Wow, I’ll be honest, I did not think I was going to like and/or enjoy this series, and there were some fits and starts to it, but once it got on track, it became rather compelling. We are talking about “Saga of Tanya the Evil”, (known in Japan as “Yōujo Senki”, “The Military Chronicles of a Little Girl”) and it is not as straight-forward as you might think.
We open up in the midst of war in an alternate universe, as it is the year 1923. In this world, magic is real and wars are fought not only with conventional troops, but with battle mages. These folks can fly about on specialized equipment, powered by a special jewel at their neck. This battle is taking place in the Rhine Theater and the Empire (you can read that as Germany) is losing. Into this volatile mix comes Second Lieutenant Tanya Degurechaff (her to the right), who is unencumbered by any feelings of guilt or remorse and proceeds to destroy everything in sight. This earns her the title “Devil of the Rhine”.
Here’s where it gets weird. The second episode tells us everything. I really do not wish to say too much about it, but this is THE key episode and you should let it unfold for you, as this explains absolutely everything that Tanya does in her life and her encounters with God (or Being X, as she calls him).
On the one hand, it does turn into a discussion about faith and belief and acknowledgement of a Higher Being; on the other hand, it also shows a caliber of ruthlessness that could even shock the most hardened of military people. Tanya is a very rectilinear person: it’s all cut and dried, black or white, live or die, and she expects from other that which she expects from herself. She brooks no contrary position and can exact her revenge in such a way, only she knows it to be so.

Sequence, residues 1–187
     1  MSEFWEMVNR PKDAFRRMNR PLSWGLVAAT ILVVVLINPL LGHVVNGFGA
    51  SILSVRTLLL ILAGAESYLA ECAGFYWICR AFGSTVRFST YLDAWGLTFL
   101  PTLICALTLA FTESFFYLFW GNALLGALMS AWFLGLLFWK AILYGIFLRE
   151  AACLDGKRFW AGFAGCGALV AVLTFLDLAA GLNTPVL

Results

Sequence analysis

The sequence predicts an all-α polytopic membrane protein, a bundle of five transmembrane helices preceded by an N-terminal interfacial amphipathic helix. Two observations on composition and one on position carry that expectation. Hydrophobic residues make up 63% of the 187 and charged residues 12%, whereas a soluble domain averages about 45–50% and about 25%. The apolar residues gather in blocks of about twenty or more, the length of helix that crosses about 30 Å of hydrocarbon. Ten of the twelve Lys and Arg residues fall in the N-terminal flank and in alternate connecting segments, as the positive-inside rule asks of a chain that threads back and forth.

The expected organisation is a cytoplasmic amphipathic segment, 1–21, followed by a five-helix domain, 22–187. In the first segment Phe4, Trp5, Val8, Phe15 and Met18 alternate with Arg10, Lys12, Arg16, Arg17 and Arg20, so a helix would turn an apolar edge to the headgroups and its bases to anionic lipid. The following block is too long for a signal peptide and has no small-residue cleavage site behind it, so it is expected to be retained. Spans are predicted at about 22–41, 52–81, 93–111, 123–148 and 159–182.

The series covers the two or three years of this war and the problems Tanya has being taken seriously in matters. I mean, she hasn’t even gone through menstruation and she is commanding a company of mages that are as relentless and remorseless as she is.
But does Tanya learn any faith? I say not, as her approach to it seems more out of superstition or luck than a concrete belief. The only disappointment I had is that there is to be a second season. I had hoped they could wrap it up in one, but that’s not the case, as, in the story, fears of a global war are eminent. OK, it’s a war anime and there are a lot of battle sequences. Since they do not explain the equipment all that well, I am uncertain as to the specifications as to what it can and cannot do and how well it stacks up against whatever the enemy throws at them. I would have to assume the key edge is the complete dedication to the task by the soldiers. They are already dead, so there is nothing to worry about, so they go all out.
This advantage allows them to exact a lot of punishment to their foes, but the funny thing is that Tanya doesn’t want to be at the front lines. She wants a cushy desk job well at the rear. Alas, her motivation keeps her in the thick of the warring and her ability to extract the best from her soldiers makes her a superb battlefield commander.
Do keep in mind the ‘talks’ with God. They are both enlightening and definitive in how things unfold, especially since He decides when they will talk. But they are all rather pointless, as God will have His way and Tanya gets no say in things that happen to her, kind of what she experiences with the Brass. I also wonder if she is a type of psychopath and that a lot of these flaws are covered up by the war, when you need a degree of lunacy to go out there and fight like a demon. It might also be nice to see what happens when peace breaks out, which we could see in the second season, as the stakes have been dramatically upped and it is time to shove in all the chips.
I found it odd rooting for this child executioner, as you forget who she really is. I suppose you want her to succeed as it would prove that she was totally right all the way, all the time, but that is a problem with divergent thinkers; you can’t get people to go along with all of your plans (which is what landed you here in the first place).
On a scale of 1 to 10:
Artwork 7 (It’s those eyes!)
Plot 9 (A most daring idea and approach)
Pacing 8 (Like the Army, hurry up and wait)
Effectiveness 8 (Especially the talks with God)
Conclusion 5 (It reaches a ‘coupler point’, but hasn’t ended)
Fan Service 0 (A similar show would be “Honey and Clover”)
Overall 9 (Solid story, great characters)
And remember, it’s first run until you’ve seen it. Deus lo vult!